“Are you hearing voices?” the psychiatrist, a toneless woman with an unfortunate resemblance to Jabba the Hutt, asked.

“No.”

“Are the voices telling you to say that?”

“No.”

But the doctors had become too entrenched in their own reality to decipher mine.

Fortunately, the pills didn’t affect my imaginings in the slightest; I could still escape. It shocks me that it never occurred to those medical professionals that a young patient would wish to imagine things outside the immediate reality of strip searches, iron-meshed windows and straitjacketed children screaming for help.

In my opinion, it should have been as obvious as Dorothy dreaming her way from black and white into colour. I suppose it proves how powerful our inner lives are; they can transport us so fully that people watching us have no idea where we’ve gone. I probably looked as if I was responding to internal stimuli when I was three years old counting “thes” and “thens,” and I go round mouthing dialogue to myself sometimes even now. I know what I’ve made up though, and what I haven’t. You can see why I’d find it irksome if someone tried to tell me otherwise.

What takes you over the rainbow? Has it ever gotten you into trouble?

Learning Something New

This Week’s Bit of String: What poems, jellyfish, and King Tut have in common

I am starting 2023 building a new habit. I feel like that sounds more promising than a resolution, what do you think? Anyway, this habit is to learn something new every day.

I think we all learn stuff most days. Part of the reason I relish daily scribbles is because it teases out new information I glean without necessarily noticing. It’s also why I stop after each book I’ve read and write down my favourite quotes, instead of charging on to the next one. Just a little bit of reflection time. Because my mind’s always leaping to the next thing I absolutely MUST get done; the next book to tick off the To-Be-Read list; the next job to cross off from my planner. I’m very susceptible to the look-at-all-the-things-I’ve-done narrative on social media and I have to force myself to stop and reflect. I had to make it a part of my routine, a habit.

My dad used to ask us at the dinner table, “What did you learn at school today?”

We hated it. On principle, we often insisted we’d not learned a thing. And that may have been true some days. We expected that anything learned would be unmistakably gifted to us, not always understanding that we might need to flip through the resources and find what needed to be learned.

Time to turn over a new leaf…

So with this learning habit I’m working to develop, the rule is that the Something I learn for the day can’t be part of my normal reading. It has to be something extra, something I take time to look up and find out about. It IS allowed to be a poem or short story outside of my pre-planned reading list, for example delving into an online literary magazine, as long as it’s not just because I’m prepping my own submission for it.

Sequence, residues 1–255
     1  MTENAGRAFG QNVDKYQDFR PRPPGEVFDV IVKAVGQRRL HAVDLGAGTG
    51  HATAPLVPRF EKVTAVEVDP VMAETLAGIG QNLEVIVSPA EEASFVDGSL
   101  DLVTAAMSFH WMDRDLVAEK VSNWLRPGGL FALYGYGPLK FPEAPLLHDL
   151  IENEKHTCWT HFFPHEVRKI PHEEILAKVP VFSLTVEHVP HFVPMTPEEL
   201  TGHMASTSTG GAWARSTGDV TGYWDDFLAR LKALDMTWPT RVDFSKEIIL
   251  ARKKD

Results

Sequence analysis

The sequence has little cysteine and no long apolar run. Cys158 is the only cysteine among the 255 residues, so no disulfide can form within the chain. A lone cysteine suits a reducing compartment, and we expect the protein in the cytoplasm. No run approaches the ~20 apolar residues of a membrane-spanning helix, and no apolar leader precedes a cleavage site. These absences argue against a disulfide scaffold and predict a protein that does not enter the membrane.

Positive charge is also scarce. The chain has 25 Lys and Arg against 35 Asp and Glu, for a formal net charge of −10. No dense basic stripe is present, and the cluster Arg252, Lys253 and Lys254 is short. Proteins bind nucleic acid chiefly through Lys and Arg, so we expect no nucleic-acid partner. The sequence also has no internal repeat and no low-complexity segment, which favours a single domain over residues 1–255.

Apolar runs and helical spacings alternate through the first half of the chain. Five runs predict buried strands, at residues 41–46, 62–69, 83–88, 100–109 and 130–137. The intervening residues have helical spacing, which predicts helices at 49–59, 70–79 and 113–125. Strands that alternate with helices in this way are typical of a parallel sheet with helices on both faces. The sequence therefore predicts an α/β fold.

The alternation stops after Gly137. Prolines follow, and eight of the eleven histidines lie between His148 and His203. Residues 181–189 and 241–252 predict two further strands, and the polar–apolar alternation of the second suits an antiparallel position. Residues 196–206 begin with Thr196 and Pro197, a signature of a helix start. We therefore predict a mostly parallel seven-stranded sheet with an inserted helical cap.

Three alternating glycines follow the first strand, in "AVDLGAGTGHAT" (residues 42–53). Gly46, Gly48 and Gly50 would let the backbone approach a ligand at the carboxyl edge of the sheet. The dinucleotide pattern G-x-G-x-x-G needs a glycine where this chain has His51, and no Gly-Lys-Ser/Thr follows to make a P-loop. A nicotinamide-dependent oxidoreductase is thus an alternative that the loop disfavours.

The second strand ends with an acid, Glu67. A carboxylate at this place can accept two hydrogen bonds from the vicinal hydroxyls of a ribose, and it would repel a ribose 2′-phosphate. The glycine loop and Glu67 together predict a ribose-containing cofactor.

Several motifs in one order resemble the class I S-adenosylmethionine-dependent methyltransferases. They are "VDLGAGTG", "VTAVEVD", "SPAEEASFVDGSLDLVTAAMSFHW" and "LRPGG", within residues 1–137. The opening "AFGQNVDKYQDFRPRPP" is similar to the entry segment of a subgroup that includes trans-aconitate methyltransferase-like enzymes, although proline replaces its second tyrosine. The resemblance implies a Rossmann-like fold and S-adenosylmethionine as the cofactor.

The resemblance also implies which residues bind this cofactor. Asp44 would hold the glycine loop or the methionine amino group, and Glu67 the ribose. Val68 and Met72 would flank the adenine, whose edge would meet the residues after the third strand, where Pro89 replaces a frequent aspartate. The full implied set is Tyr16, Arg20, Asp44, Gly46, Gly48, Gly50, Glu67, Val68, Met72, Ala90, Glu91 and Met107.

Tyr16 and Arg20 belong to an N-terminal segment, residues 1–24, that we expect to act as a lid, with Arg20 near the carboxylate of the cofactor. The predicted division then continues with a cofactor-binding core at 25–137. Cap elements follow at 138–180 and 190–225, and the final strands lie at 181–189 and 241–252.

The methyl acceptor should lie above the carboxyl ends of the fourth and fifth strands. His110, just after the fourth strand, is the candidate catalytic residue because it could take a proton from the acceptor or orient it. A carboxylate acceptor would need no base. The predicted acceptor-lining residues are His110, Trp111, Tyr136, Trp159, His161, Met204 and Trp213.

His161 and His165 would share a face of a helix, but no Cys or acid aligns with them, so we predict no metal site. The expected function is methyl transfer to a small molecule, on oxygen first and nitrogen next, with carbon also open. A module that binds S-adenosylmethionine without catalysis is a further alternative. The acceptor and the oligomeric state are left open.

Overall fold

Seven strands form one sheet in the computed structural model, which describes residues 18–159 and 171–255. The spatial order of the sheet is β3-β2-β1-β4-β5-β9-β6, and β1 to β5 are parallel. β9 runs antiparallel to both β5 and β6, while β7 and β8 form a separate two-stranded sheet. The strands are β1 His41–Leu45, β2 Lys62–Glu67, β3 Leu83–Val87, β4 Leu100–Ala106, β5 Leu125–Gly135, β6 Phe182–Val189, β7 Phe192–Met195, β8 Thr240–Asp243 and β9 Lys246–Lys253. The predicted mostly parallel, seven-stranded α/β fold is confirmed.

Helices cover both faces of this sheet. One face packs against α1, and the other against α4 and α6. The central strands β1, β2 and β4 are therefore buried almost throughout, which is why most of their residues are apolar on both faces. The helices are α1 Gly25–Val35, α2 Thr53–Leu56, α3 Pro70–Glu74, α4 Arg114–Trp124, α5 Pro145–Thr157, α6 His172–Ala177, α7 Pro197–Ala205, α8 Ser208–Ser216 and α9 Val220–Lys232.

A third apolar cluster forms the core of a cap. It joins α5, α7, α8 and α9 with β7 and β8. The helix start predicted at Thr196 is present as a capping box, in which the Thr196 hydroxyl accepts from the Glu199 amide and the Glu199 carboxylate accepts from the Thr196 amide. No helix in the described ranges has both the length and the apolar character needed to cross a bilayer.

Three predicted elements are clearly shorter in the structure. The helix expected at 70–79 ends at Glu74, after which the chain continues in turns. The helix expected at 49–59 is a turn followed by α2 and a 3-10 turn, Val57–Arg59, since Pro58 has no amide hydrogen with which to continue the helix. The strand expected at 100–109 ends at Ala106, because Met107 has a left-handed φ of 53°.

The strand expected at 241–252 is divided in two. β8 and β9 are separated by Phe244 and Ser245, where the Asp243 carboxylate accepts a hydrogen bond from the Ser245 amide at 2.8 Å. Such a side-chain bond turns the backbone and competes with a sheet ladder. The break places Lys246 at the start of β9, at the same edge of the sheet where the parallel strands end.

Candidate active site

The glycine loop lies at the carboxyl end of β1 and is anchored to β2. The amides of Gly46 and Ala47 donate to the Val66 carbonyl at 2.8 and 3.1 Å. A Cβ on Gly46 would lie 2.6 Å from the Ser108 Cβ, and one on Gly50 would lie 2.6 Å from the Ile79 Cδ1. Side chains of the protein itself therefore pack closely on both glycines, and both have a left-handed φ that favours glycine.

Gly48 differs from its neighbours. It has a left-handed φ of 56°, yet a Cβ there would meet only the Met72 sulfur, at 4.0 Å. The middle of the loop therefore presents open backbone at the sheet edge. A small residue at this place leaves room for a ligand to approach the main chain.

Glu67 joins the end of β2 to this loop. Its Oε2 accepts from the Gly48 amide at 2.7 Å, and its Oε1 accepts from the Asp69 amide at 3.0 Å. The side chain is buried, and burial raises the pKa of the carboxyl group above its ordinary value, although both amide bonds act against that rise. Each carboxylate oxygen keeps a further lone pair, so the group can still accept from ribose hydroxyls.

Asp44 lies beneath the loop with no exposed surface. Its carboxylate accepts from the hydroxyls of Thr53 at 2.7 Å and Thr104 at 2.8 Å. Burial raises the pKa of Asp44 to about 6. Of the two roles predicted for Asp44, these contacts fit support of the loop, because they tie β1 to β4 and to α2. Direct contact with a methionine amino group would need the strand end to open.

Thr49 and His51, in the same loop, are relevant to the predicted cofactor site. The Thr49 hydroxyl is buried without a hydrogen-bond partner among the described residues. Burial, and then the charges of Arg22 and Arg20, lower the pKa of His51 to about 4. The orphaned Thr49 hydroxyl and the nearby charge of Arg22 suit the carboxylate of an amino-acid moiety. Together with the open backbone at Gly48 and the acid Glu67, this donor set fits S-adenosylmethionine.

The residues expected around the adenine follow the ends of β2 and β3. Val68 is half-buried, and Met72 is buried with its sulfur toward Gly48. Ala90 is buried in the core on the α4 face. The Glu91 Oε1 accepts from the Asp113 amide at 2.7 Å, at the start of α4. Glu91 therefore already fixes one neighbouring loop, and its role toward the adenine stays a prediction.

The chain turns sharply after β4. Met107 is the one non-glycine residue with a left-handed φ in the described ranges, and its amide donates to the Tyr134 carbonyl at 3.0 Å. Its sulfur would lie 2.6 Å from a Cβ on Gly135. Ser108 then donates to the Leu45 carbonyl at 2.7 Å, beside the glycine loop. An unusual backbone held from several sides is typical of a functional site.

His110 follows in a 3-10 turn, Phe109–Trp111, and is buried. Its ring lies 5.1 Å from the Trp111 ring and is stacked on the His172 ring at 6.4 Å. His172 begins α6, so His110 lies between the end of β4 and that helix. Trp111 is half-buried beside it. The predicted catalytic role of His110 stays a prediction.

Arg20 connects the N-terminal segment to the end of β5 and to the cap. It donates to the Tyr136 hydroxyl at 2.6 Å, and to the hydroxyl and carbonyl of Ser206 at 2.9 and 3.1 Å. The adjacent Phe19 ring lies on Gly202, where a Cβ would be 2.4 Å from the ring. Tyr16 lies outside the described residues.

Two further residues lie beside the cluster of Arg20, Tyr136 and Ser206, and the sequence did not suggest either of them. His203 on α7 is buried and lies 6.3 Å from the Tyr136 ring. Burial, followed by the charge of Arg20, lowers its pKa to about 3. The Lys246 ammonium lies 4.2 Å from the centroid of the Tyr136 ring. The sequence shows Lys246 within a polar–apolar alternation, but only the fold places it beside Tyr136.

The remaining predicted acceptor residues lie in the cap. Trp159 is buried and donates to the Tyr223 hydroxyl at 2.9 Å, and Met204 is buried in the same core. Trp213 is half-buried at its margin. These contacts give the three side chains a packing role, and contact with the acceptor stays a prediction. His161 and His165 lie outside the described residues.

The idea is to take in information or art for its own sake, free of agenda. To shake myself from the constant bridle of Getting Things Done, and just stretch my brain.

It’s also to repurpose scrolling time. As I mentioned earlier this year, I want to waste less time on social media. I haven’t been terrible about scrolling and spending time online, but I could do better. Instead of scanning Facebook and Twitter, brain on autopilot, just waiting for something salient to jump out at me, I will go and seek salience myself.

So far, my new habit has entailed:

Finding out about early British underground buildings like fogous and souterrains, because for her novel my student has created a Secret Hunting Society which lives in a village hidden underground.

Cooking dinners ahead for the week while listening to these fantastic Intelligence Squared videos featuring William Sieghart’s The Poetry Pharmacy

And this Intelligence Squared Dickens vs. Tolstoy debate, Simon Schama arguing on the latter’s behalf and sharing this Tolstoy quote: “The aim of the artist is not to solve a problem irrefutably, but to make people love life in all its manifestations.” (Makes it sound a bit simpler and more feasible, do you reckon?)

Research on jellyfish because I made a little ShrinkyDink jellyfish while crafting with my sisters over Christmas and I added it to my keychain

Reading some lovely poems from Plume Magazine— I particularly loved “The Classics” by Christina Lee and “Cathedral” by Kwame Dawes

Finding out about aphantasia, since another student believes she has it. People with aphantasia don’t see imagery in their minds, which makes it harder for her to connect with material she reads.

Jellyfish!

Researching Tutankhamun because the latest Royal Mail stamps for sending letters abroad have his possessions on them, and I was wondering… Do those really belong to this country?

Looking more deeply into a January 6, 1853 train accident that claimed the life of President Franklin Pierce’s only child just two months before Pierce’s inauguration, because it was alluded to in A Worse Place Than Hell, the book I’m reading. Pierce was the only president to ever hail from my home state, and it surprised me I’d never heard of this tragedy, when it must have heavily influenced his actions during a pivotal period.

Also, trying to find out about women runners in the 19th century because this nonfiction work mentions Louisa May Alcott going running in the early mornings before her long shifts at a Civil War hospital. I’m very curious about what women would have worn for morning runs in the 1860s, and I’ve found some interesting facts about the history of women runners but nothing that illuminates this passage, so if you know anything about it, do let me know.